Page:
This is the story of Simon’s arrival at the Shadowhunter Academy. It continues several months after City of Heavenly Fire. Simon knows that half of his memories are not his own, but were planted in his head, and he has glimpses of memories that tell him of his friendship with Clary, relationship with Isabelle, and his time as a vampire. Most importantly, he remembers his mother’s reaction to finding out his being a vampire, and he realizes the hurt in his friends that he cannot remember them. Consequently, he feels the need to leave.
The Academy offers him a place to become closer to the person he used to be. It will give him an education to become a Shadowhunter. However, arriving in Idris and at the Academy, is very different from what could be expected. Not only is the building nearly uninhabitable, and the school not yet fit for educating children with Shadowhunter blood and mundanes, but the class system in which the Shadowhunters think has not changed much since the Dark War.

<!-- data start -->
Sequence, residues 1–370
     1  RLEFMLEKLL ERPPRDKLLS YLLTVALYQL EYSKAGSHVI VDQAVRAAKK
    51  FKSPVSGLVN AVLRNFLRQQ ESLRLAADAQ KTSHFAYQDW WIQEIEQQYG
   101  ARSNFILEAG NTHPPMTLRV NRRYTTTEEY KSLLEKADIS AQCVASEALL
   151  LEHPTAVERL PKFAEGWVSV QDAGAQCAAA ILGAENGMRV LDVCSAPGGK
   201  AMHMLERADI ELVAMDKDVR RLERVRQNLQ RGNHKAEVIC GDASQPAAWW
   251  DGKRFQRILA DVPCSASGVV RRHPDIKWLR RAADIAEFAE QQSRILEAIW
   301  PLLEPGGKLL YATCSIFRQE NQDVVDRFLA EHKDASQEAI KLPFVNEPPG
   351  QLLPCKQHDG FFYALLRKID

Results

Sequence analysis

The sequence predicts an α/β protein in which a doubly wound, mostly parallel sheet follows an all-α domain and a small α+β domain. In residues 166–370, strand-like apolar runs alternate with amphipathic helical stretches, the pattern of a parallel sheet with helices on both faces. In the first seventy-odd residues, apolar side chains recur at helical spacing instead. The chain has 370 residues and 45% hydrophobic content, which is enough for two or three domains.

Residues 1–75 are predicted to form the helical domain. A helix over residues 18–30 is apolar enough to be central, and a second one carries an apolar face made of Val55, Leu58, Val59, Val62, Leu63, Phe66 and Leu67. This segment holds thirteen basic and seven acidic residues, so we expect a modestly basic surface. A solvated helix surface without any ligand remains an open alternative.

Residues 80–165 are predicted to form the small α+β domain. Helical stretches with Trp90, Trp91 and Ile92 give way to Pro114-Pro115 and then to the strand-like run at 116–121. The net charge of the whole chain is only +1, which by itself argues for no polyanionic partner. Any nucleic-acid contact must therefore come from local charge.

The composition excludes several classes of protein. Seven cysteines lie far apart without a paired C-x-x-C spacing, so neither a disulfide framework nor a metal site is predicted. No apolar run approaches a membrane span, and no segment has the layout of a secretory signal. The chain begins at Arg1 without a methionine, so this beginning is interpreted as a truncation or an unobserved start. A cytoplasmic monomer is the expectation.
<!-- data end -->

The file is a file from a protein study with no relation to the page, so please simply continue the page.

Simon has to find his own way at the Academy, which he enters as a mundane, but with the reputation of a former vampire and hero.
Why I Read The Book
I immensely enjoyed The Mortal Instruments, and towards the end, the idea of Simon having to be reintroduced into the world, had me curious. Also, the idea of a Shadowhunter Academy was new, giving mundanes the opportunity to become Shadowhunters. But is that race of half-angels ready for outsiders? Plus, I was really curious how Simon’s fame, which he himself had forgot, would come into play.
Thinking so far that an Institute must be the best place to educate new Shadowhunters, I didn’t know what to expect of the Academy. This novella gives a deeper look into the world of the Shadowhunters, combat training and history lessons, through the eyes of an outsider, who is also an insider. The novella, and hopefully the entire series of novellas, focuses on the rift between Shadowhunters and mundanes, and that the Academy is reopened with the same ideas and prejudices as before.